I am grateful to the other place for having made this major amendment. It improves the position considerably, but there are a few detailed matters on which I would be grateful for the detailed guidance of the noble Lord, Lord Bradley. Does “location” mean a static location—in other words, that I am standing five feet outside No. 15 Portobello Road, for example—or does it have a wider sense? Are we dealing with a point? What is the technical interpretation of the word?
What is the exact definition of a “bona fide customer”? If someone is inquiring about a pedlar’s wares, is he a bona fide customer or does he have to do something more to establish himself as one? Is anyone a bona fide customer who is in some way not a false customer—some aide of the pedlar who rushes up and starts inquiring about the goods whenever the local authority’s officials pounce?
What is the definition of “trading”? When these local authority officials are trained, what will they be told that trading consists of? A pedlar, as I am sure the noble Lord is aware, will spend a lot of time displaying and talking about the wares that they are selling. Is that trading, or does that require some active exchange of goods and money? I should be very grateful for the noble Lord’s help on those points.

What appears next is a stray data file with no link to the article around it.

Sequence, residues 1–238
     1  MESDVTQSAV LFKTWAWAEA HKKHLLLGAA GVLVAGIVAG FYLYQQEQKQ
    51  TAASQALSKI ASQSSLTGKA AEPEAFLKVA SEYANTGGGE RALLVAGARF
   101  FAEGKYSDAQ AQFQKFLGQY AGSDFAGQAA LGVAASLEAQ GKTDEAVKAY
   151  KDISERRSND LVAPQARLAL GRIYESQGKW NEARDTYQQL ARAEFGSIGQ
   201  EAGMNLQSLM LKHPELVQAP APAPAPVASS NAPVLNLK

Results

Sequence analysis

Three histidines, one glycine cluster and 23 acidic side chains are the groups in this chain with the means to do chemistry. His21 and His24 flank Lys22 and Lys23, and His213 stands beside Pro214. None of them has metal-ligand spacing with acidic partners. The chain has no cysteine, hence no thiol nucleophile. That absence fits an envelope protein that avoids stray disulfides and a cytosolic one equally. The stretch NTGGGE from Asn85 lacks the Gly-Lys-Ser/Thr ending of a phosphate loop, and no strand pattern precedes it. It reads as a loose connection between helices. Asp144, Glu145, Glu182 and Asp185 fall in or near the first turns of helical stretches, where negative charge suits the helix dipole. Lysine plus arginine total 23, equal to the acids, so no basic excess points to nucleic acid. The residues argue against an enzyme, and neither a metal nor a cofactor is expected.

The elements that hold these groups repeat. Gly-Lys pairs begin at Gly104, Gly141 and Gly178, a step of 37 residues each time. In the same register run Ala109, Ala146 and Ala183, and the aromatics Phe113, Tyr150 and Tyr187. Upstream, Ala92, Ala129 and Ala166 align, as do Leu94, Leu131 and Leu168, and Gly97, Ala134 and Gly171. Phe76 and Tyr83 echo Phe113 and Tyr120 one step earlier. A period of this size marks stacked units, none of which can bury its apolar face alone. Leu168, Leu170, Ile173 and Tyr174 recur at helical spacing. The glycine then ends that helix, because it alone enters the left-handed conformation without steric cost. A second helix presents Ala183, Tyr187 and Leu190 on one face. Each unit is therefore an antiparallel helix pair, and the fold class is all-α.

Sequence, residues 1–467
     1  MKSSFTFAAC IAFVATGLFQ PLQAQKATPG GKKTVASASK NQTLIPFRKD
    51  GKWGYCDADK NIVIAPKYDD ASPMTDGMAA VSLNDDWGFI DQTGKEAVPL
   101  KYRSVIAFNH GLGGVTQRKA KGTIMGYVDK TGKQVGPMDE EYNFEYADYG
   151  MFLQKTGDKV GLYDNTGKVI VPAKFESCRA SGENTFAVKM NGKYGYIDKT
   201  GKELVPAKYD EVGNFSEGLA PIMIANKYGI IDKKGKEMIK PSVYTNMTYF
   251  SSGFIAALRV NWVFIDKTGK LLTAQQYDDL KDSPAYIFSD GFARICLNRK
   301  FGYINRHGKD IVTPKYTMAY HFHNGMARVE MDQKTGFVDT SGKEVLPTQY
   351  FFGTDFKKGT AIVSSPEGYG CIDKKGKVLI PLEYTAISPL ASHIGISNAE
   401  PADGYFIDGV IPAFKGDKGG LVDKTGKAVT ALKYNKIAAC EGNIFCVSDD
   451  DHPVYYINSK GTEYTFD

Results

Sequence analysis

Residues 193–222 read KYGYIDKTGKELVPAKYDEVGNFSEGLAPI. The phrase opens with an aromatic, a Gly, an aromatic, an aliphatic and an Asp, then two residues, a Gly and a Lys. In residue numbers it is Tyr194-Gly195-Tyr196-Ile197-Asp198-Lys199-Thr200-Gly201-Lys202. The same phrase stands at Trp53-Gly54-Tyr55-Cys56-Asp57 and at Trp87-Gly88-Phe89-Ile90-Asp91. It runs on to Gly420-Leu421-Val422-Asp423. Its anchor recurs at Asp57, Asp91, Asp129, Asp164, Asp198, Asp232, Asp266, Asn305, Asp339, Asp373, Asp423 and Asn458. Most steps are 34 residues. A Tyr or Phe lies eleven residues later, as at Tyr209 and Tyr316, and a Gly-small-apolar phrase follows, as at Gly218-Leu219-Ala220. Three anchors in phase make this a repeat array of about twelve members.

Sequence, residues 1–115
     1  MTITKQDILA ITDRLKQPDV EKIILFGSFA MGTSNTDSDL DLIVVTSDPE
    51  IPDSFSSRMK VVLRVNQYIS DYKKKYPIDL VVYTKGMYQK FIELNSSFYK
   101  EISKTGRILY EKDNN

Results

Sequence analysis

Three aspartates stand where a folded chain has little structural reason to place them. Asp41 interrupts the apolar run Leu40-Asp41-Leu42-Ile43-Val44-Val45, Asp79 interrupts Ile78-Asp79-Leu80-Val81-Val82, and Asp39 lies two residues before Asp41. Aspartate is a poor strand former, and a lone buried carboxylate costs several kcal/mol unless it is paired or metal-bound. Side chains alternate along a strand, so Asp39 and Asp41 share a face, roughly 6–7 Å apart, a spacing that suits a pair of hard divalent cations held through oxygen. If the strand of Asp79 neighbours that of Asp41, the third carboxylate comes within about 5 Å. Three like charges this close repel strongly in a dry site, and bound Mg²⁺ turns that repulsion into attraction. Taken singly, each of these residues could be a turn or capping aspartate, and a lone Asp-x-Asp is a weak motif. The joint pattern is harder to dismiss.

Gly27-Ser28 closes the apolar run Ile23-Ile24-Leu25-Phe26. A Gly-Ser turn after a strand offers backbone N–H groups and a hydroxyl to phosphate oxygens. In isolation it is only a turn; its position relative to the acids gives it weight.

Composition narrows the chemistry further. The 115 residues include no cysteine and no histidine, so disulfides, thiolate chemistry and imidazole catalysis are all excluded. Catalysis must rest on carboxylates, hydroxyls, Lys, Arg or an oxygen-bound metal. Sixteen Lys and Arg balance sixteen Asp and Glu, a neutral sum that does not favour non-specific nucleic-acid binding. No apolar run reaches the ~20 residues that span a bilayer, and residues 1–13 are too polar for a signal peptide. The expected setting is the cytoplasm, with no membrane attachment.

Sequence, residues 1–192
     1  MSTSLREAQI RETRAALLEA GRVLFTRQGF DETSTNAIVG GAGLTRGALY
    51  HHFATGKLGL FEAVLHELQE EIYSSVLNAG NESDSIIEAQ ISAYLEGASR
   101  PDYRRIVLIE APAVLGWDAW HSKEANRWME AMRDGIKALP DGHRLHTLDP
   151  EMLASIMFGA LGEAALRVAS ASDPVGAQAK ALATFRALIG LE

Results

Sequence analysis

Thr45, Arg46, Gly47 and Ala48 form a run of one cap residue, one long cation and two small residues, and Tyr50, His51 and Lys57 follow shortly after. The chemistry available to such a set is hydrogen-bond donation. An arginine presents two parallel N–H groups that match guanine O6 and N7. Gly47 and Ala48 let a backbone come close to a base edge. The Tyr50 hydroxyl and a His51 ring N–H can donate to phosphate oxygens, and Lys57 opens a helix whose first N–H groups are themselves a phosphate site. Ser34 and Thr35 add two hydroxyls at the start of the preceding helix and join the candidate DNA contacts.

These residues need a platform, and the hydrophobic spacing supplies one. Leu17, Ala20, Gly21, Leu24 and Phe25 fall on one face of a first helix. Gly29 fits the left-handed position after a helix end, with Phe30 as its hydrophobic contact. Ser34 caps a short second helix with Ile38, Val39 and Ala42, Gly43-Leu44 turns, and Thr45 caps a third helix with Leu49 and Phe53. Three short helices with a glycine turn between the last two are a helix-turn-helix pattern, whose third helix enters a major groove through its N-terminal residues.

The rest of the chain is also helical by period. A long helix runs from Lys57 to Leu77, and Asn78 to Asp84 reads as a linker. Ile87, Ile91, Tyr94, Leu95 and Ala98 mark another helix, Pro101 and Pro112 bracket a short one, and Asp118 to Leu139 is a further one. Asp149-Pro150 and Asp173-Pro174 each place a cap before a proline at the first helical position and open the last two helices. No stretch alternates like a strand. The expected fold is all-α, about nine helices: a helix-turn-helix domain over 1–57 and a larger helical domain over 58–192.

I am grateful for the contribution from the noble Lord and I share his views regarding the desirability of national legislation on these matters. As he and I have rightly pointed out, a huge amount of parliamentary time has been taken up with a whole series of private Bills of an identical nature which have tried to achieve the same objective for different councils around the country.
On a number of occasions the noble Lord has raised these technical and detailed matters, and they have been very carefully scrutinised by the Select Committees on issues of trading, location and suchlike. Guidance has been emanating from local councils to ensure that these definitions can be properly pursued in due course. I am sure that he will have looked carefully at those deliberations and that as these Bills come into force, we will be able to look carefully at the issues he raised and ensure that they are properly progressed by those local authorities.
Motion on Amendments 2 to 10